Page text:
Suburbicon is both the title of the film and the name of the idyllic and idealised 1950s style suburb in which it is set. Directed by George Clooney and co-written by Clooney, Joel and Ethan Coen and Grant Heslov, the film, like the suburb, is polished and complete. This is a pretty tight and slick production – with very little left unfinished.
It’s quite difficult to give a synopsis to this film without giving too much away – even the trailer is a little misleading in terms of what the film is about and where it goes. It is probably better to go in blind and allow for surprise. That said, a little context is necessary.
Suburbicon features Nicky Lodge (Noah Jupe), a nine year old resident of the suburb who lives with his dad Gardner (Matt Damon), his mum Rose (Julianne Moore) and his aunt Maggie (also Moore). Gardner is a mid-level manager at a local company, his wife Rose is an invalid, injured in a car accident where Gardner was driving. Maggie is Rose’s twin; she helps Gardner where Rose cannot.
When the peaceful town of Suburbicon turns hostile at the arrival of unwelcome new neighbors, Maggie initially encourages Nicky to make friends with the new boy next door. Her friendly attitude hides something more menacing. Life in Suburbicon takes an even more sinister turn when the Lodges home is broken into, and Nicky tries to come to terms with the repercussions of what is happening in his community.
Suburbicon has fabulous colour and styling – it is reflective of 1950s but also hyperbolic in many ways. It’s clear that this is George Clooney’s version of the 1950s rather than the real 1950s. It’s not necessarily an accurate representation of the era, but it feels like an accurate representation of one man’s memory and experience of that time.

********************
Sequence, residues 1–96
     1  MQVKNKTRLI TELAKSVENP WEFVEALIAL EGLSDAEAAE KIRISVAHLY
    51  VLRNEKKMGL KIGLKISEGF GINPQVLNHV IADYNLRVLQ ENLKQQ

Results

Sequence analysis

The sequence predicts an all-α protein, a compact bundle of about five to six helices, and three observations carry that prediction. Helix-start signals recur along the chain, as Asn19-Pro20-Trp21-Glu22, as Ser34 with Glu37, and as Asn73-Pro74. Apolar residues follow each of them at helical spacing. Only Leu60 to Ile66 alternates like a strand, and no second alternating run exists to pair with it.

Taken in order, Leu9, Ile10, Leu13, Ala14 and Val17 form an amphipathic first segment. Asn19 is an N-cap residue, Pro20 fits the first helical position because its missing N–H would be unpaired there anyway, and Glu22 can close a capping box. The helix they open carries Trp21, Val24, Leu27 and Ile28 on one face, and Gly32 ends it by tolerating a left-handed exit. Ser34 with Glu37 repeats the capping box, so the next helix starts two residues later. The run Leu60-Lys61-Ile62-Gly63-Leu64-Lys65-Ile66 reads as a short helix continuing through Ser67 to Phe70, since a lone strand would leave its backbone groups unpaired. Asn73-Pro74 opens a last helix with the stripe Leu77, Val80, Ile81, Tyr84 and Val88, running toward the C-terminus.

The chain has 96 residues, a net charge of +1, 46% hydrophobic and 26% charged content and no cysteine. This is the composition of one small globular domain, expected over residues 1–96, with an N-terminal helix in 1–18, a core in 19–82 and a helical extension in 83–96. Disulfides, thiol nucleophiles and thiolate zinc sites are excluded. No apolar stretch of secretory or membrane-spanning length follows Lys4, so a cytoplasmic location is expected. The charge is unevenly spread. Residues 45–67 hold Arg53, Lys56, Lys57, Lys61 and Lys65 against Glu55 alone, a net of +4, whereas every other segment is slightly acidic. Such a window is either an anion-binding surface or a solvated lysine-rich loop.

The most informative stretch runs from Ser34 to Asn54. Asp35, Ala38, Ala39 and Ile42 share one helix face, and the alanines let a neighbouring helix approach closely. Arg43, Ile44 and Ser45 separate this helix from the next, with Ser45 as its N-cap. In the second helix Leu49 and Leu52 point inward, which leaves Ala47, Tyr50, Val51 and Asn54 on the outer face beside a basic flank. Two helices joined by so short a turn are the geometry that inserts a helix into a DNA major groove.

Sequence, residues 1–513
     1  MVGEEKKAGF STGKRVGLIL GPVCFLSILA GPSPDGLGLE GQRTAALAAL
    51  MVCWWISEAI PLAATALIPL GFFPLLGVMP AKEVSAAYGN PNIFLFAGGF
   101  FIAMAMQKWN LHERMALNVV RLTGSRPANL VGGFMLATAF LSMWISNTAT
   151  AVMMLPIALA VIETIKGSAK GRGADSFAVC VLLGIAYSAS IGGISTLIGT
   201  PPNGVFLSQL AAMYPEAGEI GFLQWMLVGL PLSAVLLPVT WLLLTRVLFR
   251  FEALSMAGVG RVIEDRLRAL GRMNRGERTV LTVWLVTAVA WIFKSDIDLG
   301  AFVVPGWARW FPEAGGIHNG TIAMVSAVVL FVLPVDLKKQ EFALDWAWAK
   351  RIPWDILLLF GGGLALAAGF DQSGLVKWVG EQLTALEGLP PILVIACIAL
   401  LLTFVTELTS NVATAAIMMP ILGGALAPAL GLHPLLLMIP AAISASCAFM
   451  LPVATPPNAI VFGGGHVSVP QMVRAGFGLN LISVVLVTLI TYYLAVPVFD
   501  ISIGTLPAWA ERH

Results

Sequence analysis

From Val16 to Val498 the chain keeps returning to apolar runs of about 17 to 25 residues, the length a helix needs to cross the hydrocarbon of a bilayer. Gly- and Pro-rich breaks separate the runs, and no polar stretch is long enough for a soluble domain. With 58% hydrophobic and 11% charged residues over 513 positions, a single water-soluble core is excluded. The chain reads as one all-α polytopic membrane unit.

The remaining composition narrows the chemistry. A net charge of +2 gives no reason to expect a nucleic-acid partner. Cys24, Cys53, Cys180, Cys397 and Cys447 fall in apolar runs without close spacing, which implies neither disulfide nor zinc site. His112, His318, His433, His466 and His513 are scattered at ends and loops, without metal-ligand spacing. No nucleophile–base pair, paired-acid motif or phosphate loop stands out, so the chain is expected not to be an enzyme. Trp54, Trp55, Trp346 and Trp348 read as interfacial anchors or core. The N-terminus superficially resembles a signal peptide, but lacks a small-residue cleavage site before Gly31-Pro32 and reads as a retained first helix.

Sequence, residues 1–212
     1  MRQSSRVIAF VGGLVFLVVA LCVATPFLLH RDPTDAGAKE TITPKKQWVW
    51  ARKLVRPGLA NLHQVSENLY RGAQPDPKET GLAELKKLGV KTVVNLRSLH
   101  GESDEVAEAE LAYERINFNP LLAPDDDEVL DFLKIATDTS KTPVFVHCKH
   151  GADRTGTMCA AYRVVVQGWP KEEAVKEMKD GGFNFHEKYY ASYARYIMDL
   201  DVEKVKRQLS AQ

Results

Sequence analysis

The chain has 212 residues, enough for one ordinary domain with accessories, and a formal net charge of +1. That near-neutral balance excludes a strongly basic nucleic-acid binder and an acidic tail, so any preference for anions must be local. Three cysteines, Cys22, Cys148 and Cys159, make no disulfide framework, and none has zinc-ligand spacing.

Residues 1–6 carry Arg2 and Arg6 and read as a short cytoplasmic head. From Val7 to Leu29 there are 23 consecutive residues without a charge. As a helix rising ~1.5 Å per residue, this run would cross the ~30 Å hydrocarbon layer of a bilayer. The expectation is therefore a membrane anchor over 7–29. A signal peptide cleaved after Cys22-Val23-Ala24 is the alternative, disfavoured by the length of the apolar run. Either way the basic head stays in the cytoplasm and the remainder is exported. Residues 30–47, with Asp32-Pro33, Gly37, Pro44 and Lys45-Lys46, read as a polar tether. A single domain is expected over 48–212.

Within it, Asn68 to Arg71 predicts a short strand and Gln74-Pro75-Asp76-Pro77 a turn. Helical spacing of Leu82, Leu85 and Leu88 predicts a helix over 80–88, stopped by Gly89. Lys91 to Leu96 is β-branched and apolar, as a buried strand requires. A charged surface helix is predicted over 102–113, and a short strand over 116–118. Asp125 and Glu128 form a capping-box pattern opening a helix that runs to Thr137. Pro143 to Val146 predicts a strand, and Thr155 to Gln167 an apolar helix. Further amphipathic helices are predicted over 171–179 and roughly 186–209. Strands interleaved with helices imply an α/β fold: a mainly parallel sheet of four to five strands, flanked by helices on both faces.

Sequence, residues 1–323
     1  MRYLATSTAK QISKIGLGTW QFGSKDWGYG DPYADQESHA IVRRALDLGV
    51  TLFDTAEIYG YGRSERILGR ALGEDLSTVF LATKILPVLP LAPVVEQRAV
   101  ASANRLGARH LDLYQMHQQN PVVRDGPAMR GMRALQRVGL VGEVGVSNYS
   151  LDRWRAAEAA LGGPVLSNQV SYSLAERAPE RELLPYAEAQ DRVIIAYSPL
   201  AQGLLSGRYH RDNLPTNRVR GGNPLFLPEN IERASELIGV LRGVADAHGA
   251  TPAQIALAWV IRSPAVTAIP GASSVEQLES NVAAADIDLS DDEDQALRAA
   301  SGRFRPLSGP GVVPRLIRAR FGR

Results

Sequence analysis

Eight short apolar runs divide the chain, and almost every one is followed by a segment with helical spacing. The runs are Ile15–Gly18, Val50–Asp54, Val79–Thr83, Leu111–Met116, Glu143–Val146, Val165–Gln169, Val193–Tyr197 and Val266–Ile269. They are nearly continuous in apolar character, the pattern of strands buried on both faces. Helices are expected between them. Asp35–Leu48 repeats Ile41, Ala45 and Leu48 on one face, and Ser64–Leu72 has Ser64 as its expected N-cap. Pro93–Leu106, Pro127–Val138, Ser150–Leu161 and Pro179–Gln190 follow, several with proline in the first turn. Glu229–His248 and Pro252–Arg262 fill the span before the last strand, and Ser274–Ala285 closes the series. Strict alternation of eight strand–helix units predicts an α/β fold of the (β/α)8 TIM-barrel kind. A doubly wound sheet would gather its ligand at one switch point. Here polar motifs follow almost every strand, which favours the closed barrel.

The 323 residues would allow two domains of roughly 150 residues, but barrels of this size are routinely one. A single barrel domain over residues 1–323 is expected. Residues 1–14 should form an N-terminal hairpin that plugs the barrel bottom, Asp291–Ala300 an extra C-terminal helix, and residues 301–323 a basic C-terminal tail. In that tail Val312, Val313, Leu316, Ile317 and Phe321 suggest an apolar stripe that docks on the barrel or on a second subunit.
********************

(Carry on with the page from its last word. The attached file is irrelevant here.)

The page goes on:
Although it is clearly a Clooney production, the film still oozes Coen Brothers. Like much of the Coen Brothers’ previous work, this film is darkly funny. It’s nice to see their screenplay in the hands of another director in Clooney; he clearly understands their particular brand of black comedy.
There are two distinctive plot lines in Suburbicon, that of the Lodges and that of the unwanted neighbors. There is a nice and clear distinction between the A story and the B story; in most films these are very closely woven together. That’s usually a good thing, and probably to be encouraged, but in this instance there is something very likable in the way the two plotlines are more distinctly separate. It might be jarring for some viewers, but it actually highlights just how distant we can be from our own reality and environment. While the larger community are channeling their energy towards a completely innocuous but perceived threat, they are missing the extreme danger right next door. This is such a significant commentary – and supremely relevant to present social and political climates.
Suburbicon is in cinemas from 26th October through Roadshow Films.